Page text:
I want to be a Flaming Lotus Girl, and I want to go to the Burning Man so badly! But it would cost me thousands of dollars, which I don’t have. It will also be a trip halfway round the world, and I’ll have to get (child+pet+house)sitters in, more expenses I just cannot afford. SIGH. So, I’ll have to contend with living the festival vicariously through videos and photos shared by the lucky, lucky ones who get to go. If you DO go, feel free to post me some photos and I will add them here.

Watching videos of previous Burning Man festivals, out there in the desert with the strange lights, music and people in out-of-this-world costumes doing fantastically weird things, I’m reminded of the time I took my son to Disneyland Paris. One evening, at dusk, there was a musical troupe playing near the spaceship ride. They were dressed in layered burlap, and the instruments they played were modified saxophones or similar. On their heads they wore strange miner’s hardhats with attached (literally) overhead lights that moved as they played. The headgear was strangely reminiscent of angler fish. As it was dusk and the natural light was failing, I didn’t get any decent photos of them. But I remember that experience as if it was yesterday and not 6 years ago; the images are indelibly etched into my mind. It was, to put it simply, a magical experience.

It felt like a scene out of Star Wars, and I was transported to dusty Tatooine amongst its unwashed Jawas and Tusken Raiders. The musicians could have been a cross between the two races.

That is the sort of feeling I believe I would experience at the Burning Man festival.

Burning Man leans strongly on 10 Principles (excerpt taken from this link):

Burning Man Founder Larry Harvey wrote the Ten Principles in 2004 as guidelines for the newly-formed Regionals Network. They were crafted not as a dictate of how people should be and act, but as a reflection of the community’s ethos and culture as it had organically developed since the event’s inception.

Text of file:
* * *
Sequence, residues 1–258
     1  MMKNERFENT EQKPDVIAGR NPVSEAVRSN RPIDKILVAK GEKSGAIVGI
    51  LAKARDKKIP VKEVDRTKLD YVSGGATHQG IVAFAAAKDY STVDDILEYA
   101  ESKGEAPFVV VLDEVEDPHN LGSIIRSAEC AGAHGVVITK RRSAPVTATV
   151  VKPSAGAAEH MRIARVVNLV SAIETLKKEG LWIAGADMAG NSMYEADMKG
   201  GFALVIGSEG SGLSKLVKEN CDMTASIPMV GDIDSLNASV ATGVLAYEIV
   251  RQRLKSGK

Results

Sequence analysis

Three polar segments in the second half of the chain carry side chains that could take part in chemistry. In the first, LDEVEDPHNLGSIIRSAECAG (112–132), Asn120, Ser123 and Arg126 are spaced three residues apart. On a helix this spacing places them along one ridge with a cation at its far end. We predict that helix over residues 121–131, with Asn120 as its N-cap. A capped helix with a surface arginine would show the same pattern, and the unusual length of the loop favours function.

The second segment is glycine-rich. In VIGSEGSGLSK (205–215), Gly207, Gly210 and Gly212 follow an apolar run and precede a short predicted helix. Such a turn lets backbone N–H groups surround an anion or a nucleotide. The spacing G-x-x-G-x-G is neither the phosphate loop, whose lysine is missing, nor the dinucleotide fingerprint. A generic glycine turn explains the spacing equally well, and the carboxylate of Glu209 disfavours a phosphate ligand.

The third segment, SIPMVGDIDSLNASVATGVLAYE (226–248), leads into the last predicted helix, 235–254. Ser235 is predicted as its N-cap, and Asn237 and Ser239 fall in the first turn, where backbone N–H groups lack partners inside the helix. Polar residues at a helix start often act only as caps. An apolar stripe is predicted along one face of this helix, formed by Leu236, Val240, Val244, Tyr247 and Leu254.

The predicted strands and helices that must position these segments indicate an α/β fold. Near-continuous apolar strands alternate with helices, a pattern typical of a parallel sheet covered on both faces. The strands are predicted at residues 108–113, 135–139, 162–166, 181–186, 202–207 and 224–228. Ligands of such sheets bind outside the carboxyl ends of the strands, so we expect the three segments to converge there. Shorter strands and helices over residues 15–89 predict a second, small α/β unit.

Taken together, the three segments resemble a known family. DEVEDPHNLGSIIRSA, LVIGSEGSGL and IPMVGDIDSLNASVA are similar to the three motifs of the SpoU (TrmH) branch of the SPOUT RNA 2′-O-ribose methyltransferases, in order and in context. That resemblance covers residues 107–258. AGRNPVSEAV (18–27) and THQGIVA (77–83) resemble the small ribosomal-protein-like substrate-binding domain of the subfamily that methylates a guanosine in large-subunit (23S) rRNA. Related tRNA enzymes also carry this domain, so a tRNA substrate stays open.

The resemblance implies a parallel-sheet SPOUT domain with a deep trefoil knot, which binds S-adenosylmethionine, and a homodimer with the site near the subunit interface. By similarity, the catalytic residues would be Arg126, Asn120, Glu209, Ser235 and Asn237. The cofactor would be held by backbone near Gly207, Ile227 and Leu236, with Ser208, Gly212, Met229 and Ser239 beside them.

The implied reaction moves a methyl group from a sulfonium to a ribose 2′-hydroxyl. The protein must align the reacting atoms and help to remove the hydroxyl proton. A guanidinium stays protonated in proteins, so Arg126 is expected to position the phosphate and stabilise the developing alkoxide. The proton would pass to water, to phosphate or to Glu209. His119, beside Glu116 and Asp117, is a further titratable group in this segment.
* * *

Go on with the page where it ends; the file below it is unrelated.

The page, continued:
Radical Inclusion
Anyone may be a part of Burning Man. We welcome and respect the stranger. No prerequisites exist for participation in our community.

Gifting
Burning Man is devoted to acts of gift giving. The value of a gift is unconditional. Gifting does not contemplate a return or an exchange for something of equal value.

Decommodification
In order to preserve the spirit of gifting, our community seeks to create social environments that are unmediated by commercial sponsorships, transactions, or advertising. We stand ready to protect our culture from such exploitation. We resist the substitution of consumption for participatory experience.

Radical Self-reliance
Burning Man encourages the individual to discover, exercise and rely on his or her inner resources.

Radical Self-expression
Radical self-expression arises from the unique gifts of the individual. No one other than the individual or a collaborating group can determine its content. It is offered as a gift to others. In this spirit, the giver should respect the rights and liberties of the recipient.

Communal Effort
Our community values creative cooperation and collaboration. We strive to produce, promote and protect social networks, public spaces, works of art, and methods of communication that support such interaction.

Civic Responsibility
We value civil society. Community members who organize events should assume responsibility for public welfare and endeavor to communicate civic responsibilities to participants. They must also assume responsibility for conducting events in accordance with local, state and federal laws.

Leaving No Trace
Our community respects the environment. We are committed to leaving no physical trace of our activities wherever we gather. We clean up after ourselves and endeavor, whenever possible, to leave such places in a better state than when we found them.

Participation
Our community is committed to a radically participatory ethic. We believe that transformative change, whether in the individual or in society, can occur only through the medium of deeply personal participation. We achieve being through doing. Everyone is invited to work. Everyone is invited to play. We make the world real through actions that open the heart.

Immediacy
Immediate experience is, in many ways, the most important touchstone of value in our culture. We seek to overcome barriers that stand between us and a recognition of our inner selves, the reality of those around us, participation in society, and contact with a natural world exceeding human powers. No idea can substitute for this experience.

Anything goes at Burning Man. I recall Episode 1, Season 7 of my favourite comedy series, Malcolm in the Middle, where the entire family go to the festival in an RV. Each member of the family has their own epiphany whilst there. Malcolm, for one, gets born again…literally passing through an obstacle course simulating the contractions of a womb, complete with pink jelly.

Some Google images of past Burning Man (Men??):